Time To Share Your Feelings

Would you like to draw closer to your partner? Here is an exercise you can do with your spouse that can help you disclose feelings you might have kept hidden or unrevealed. Today you are going to improve your Relationship Quotient by expressing your feelings openly, honestly and maturely.

Author Gary Smalley explains that people with high RQs feel comfortable expressing their feelings frequently, in a climate of trust and acceptance.

Those with average RQs are somewhat lacking of passion. The lack of passion is proportional to the lack of confrontation. The couple is together in spirit, but not in soul. Think of Ward and June Cleaver from the television show “Leave it to Beaver” (1957-1963). There were very few personal crises or epiphanies that surfaced in their relationship. Although the couple appeared compatible, their relationship seemed bland.

Those with low RQs are at war with each other and their emotions. The classic television couple Edith and Archie Bunker (All in the Family, 1971-1979) were always at odds; she was flustered, frequently whined and ran out of the room in the heat of an argument or during any conversation with her husband, while Archie grimaced, grunted, bellowed and ridiculed.

You don’t want to be like most television couples. Situations are concocted for comedy, shock value or ratings. They are often so far removed from reality and emotional health that we cannot garner too many positive examples from television couples.

As you work on improving your “Relationship Quotient,” I want you to begin by being aware of your feelings. Get comfortable with them, accept them and express them in ways your partner can appreciate, understand and support. Don’t be overly cautious about expressing your feelings, but be careful of spewing your emotions without consideration of your partner’s frame of mind.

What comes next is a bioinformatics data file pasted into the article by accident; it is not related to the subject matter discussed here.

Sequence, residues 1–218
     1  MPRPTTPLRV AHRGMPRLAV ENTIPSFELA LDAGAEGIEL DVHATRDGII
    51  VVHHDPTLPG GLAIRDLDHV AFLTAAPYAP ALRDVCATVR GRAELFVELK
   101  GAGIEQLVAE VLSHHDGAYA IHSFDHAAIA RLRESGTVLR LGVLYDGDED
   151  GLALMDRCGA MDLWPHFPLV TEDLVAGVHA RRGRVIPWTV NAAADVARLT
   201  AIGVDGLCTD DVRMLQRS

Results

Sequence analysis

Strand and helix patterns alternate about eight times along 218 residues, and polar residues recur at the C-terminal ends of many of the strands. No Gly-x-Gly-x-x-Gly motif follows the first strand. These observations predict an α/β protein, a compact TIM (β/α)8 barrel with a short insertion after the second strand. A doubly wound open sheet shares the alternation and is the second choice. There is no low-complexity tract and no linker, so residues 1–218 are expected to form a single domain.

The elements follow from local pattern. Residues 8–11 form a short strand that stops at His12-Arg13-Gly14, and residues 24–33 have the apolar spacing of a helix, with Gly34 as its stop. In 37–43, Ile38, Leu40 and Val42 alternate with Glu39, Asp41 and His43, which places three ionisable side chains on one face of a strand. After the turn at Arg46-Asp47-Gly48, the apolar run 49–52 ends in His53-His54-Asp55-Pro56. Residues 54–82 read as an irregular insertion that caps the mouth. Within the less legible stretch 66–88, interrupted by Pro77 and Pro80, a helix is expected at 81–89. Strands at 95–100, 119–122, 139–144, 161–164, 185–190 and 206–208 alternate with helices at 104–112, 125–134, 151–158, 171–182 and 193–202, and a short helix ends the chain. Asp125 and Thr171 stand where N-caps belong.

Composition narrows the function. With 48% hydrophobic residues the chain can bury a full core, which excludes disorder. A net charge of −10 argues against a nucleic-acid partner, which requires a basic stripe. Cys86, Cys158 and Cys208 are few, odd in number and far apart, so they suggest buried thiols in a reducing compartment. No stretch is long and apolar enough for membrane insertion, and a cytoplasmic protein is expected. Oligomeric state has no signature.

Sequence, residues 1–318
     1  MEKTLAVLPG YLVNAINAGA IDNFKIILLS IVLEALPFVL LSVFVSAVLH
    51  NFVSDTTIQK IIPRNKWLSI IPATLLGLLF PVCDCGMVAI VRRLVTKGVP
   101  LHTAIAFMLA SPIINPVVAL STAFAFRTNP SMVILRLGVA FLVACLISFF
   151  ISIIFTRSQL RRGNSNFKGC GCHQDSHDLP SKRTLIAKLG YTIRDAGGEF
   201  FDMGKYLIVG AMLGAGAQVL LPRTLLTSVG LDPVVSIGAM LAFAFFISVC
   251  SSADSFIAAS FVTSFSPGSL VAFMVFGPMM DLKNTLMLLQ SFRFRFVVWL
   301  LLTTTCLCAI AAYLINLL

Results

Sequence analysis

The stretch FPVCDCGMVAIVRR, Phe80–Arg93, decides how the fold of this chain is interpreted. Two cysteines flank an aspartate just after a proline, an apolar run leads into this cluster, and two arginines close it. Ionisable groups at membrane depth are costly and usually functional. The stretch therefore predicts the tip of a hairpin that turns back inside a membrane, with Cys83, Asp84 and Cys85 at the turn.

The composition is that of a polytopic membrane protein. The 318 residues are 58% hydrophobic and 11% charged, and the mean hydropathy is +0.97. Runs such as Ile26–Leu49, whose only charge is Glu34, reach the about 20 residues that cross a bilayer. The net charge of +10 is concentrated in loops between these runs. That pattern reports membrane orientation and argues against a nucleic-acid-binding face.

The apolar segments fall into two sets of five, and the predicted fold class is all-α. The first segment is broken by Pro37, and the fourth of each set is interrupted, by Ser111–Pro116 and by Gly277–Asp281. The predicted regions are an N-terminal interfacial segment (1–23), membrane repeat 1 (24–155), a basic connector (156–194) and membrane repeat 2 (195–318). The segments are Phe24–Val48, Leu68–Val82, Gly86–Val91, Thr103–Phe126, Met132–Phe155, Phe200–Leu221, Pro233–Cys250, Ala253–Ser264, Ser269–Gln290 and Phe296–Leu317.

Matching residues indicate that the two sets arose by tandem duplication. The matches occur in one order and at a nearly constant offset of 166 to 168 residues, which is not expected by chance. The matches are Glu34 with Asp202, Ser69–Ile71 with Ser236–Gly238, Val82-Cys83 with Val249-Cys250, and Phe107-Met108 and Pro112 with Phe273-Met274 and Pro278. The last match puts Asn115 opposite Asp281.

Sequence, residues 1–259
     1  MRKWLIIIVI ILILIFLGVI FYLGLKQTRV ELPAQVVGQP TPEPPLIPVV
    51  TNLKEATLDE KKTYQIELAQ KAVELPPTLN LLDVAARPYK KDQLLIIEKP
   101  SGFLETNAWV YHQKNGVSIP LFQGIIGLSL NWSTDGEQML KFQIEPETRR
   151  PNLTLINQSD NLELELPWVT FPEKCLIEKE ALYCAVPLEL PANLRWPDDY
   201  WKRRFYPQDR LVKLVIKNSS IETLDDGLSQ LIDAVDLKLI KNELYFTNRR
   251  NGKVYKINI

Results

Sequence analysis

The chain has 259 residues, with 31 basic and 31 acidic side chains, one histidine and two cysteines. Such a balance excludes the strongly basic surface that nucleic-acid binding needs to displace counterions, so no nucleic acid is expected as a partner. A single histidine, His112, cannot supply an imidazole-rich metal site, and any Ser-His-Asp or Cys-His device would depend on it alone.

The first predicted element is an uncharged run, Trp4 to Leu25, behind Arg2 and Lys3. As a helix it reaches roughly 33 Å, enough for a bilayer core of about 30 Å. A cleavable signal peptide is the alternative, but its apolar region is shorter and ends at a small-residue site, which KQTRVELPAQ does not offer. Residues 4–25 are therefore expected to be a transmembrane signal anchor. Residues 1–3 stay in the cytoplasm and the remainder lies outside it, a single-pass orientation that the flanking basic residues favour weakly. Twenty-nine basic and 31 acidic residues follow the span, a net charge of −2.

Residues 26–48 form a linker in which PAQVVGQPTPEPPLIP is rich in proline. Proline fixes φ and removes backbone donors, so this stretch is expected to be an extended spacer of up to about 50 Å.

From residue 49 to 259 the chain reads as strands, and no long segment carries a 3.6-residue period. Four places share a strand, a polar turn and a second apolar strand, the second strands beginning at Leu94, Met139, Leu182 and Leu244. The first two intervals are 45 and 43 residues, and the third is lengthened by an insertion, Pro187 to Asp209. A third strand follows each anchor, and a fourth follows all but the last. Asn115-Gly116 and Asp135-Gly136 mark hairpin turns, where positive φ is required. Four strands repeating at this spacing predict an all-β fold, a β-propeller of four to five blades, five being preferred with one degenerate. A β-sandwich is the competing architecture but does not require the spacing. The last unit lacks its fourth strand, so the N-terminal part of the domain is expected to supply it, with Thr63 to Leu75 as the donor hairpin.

For example, if your spouse walks in the door from a stressful day at work, take a few moments to let him or her unwind before sharing your concern(s). Share your feelings at the right time, when your partner is ready to listen and respond.

Sometimes we want solutions and advice; many times we just want to be free to be who we are, without judgment or criticism.


If you do not receive support or understanding for your feelings, do not make demands or initiate an argument. Instead, understand that your partner is unable or unwilling to be a good listener AT THIS TIME. “At this time” is temporary. You are only responsible for bringing up your feelings at an appropriate moment, and you cannot expect a particular reaction from your spouse. Accept it for what it is and remember that you cannot control his or her response.

The success of this exercise does not depend upon your spouse’s response, but on your ability and willingness to express your feelings.

Many of us are familiar with a few key primary emotions: anger, joy, fear, sadness, love. Try to be aware of what specific feelings arise. There could be a combination, and some might be more dominant than others. This could give you a clue as to what you might need to overcome or manage.